I took the above shot from a large 15ft high concrete platform. At some point there was another building here for sure. Later I would discover that this “platform” is actually hollow, I wonder what is under it. To our right is a large 20ft waterfall but there is no clear vantage to photograph it. To our left, another blown out abandoned mill. Even though this place is completely empty, you get the feeling walkers are behind every doorway here. Very eerie indeed.
We decide to checkout the inside of this building. Upon entering, it is clear, there were walkers here, and lots of them. Their footprints are everywhere!
We make our way past another old mill (the one with the bombed wall) and climb out on a pile of concrete and rocks in the middle of the creek. Once out there we realize that the whole pile is infested with large black spiders. I have several bites on my legs as proof. Unfortunately, this is the only vantage point to shoot the main falls. Spiders or no spiders, gotta get the shot.
After struggling with spiders and not falling in the creek, I realize the only way I am going to get a good shot of the falls is with my 70-200mm APO lens, which my luck, is back in my backpack at the top of the hill. I navigate the spider infested pile to grab my lens and then turn around and re-navigate them to get back to my spot. It’s making me itch just thinking about it. The shot, was worth it I think. (thank you trusty Sigma lens)
Having faced the spiders of death, outwitted the walkers, Lou and I decide to explore the mill. Here is a peek in the door to what lies beyond.
We make our way inside to inspect a large furnace that Lou is convinced houses a zombie ghost gnome. (I think there was something in the salad he ate earlier)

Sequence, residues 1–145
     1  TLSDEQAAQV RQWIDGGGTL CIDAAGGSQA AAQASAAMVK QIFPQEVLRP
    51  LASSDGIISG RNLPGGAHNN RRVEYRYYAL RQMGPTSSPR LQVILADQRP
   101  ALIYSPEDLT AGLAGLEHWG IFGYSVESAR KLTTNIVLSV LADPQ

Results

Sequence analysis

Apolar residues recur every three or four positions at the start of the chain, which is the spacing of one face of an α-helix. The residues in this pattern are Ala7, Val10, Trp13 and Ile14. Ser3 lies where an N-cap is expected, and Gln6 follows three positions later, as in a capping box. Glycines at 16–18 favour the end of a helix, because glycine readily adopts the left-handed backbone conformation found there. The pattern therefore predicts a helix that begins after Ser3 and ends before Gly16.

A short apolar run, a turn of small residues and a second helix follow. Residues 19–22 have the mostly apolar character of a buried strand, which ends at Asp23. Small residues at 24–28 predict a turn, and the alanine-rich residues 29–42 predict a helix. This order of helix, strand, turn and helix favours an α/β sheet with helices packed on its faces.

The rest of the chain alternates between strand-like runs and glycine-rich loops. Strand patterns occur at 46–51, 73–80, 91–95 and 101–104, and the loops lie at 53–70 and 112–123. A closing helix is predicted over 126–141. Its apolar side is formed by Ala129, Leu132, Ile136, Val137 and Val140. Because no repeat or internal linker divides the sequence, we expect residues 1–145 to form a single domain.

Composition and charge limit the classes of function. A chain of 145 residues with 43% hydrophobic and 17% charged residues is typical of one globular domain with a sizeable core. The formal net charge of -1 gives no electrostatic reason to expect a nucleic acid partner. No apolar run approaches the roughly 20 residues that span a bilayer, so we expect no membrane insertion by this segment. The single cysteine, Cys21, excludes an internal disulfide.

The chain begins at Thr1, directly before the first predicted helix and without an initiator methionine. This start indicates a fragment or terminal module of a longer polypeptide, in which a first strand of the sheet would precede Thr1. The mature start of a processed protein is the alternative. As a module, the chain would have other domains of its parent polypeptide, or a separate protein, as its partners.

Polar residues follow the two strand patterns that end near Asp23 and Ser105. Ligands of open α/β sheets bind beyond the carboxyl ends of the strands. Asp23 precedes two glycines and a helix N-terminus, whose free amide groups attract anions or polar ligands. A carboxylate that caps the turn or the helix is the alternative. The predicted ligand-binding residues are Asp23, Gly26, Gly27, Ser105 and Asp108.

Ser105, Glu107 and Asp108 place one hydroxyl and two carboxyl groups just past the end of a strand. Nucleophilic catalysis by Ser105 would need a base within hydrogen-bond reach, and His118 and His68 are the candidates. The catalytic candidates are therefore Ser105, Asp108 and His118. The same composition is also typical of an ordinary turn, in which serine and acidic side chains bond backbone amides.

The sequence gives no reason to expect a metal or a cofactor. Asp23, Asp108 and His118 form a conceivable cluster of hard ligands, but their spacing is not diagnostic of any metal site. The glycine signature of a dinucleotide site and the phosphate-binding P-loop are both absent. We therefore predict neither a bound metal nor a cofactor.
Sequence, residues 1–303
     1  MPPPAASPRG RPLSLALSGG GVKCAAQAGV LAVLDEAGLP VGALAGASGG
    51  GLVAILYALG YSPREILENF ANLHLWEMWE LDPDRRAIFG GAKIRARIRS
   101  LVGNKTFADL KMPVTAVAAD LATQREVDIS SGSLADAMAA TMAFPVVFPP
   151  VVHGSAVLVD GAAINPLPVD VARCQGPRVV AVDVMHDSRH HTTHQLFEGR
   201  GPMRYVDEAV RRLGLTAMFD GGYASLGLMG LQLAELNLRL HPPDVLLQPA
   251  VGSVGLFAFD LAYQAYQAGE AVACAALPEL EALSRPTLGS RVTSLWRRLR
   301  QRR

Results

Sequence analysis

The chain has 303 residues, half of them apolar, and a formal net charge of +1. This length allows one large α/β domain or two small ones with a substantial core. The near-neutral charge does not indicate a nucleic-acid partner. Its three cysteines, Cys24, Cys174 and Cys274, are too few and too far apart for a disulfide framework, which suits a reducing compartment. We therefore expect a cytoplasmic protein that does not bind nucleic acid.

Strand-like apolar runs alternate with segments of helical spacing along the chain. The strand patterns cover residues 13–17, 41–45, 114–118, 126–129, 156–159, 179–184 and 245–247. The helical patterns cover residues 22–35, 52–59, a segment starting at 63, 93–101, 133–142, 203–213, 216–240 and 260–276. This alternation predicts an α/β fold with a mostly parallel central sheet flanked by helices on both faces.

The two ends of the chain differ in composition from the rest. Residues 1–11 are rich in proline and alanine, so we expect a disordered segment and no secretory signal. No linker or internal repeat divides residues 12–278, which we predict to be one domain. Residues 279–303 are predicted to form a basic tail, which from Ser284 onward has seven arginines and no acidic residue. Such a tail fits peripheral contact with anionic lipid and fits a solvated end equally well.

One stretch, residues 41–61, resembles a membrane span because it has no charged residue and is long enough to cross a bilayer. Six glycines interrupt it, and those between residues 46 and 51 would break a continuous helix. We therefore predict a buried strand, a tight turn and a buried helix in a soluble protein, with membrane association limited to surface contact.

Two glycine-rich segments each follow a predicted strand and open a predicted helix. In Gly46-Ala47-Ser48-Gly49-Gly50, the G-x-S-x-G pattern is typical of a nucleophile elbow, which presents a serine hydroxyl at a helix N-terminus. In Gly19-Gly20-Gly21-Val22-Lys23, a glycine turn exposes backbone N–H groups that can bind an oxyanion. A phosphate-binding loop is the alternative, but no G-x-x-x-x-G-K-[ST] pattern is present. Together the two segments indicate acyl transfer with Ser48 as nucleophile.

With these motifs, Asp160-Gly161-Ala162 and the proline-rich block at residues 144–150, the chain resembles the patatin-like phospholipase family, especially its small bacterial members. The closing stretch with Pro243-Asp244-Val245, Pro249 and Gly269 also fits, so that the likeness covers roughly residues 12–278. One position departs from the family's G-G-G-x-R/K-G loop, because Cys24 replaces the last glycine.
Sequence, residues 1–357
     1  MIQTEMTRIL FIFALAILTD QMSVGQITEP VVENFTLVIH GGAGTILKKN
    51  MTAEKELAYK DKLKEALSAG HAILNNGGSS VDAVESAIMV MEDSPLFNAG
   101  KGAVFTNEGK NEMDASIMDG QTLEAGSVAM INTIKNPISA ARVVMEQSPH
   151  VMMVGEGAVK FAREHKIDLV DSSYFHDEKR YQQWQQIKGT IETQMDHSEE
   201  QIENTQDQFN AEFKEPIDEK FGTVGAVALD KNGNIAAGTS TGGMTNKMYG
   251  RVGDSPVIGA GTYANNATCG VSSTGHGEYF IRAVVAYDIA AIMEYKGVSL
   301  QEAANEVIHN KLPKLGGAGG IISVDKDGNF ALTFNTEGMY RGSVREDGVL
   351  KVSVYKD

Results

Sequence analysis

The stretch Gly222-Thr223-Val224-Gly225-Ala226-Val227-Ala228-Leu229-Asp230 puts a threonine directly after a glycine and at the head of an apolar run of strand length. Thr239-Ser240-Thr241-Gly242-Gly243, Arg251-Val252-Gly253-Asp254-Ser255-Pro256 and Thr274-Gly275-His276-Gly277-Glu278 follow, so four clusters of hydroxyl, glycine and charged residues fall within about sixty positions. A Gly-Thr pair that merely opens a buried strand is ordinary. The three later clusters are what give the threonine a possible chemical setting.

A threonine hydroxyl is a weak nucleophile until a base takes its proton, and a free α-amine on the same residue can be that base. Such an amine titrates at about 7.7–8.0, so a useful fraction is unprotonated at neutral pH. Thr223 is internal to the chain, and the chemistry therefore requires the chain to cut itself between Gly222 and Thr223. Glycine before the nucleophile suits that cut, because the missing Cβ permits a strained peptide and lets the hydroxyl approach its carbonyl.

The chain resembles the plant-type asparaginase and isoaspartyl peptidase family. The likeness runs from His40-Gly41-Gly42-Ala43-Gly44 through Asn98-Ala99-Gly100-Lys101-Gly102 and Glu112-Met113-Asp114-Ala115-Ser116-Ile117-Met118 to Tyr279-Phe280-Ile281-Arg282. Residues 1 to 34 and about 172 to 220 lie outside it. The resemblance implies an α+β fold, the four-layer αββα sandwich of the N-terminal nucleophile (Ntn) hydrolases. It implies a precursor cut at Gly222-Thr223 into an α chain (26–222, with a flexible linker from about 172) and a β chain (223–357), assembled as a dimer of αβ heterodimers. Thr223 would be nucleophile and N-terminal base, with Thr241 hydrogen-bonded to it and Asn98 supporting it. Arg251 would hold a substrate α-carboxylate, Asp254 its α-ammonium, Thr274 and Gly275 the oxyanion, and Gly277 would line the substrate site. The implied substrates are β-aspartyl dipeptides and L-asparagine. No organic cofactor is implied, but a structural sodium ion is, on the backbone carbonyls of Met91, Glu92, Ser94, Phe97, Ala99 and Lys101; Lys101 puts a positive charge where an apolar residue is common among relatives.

For as old as these mills are, there is an amazing amount of fixtures left in them. Here is another ladder cage strewn on the floor. The graffiti here is quite good. Less tagging, more graffiti.
Luck is with us this day, still no walkers. And that’s a good thing because in this mill, if one or two got in while we were there we couldn’t have gotten a shot in without them in the way. Lou and I pack up and get out of there while the getting is good. Along the way I stop to take a couple more shots of the first mill at the cascade.
We finish up the exterior of the old mill and head back to the platform to pack up. Then, without warning, two very large walkers approach. Lou and I duck down and remain very quiet. The two walkers stop for a minute and then continue down the trail. PHEW, a near disaster averted. I take one more opportunity to shoot the partially collapsed man-made dam above the main cascade. This really shows off how much algae is in this creek.
All in all, a very successful day. No major injuries, some amazingly atmospheric shots, and best of all, NO WALKERS! There was a lot more to shoot in this area and we plan to go back soon. Hopefully the return will be walker-free as well. May all your shoots be walker free. It’s a zombie apocalypse out there, be careful!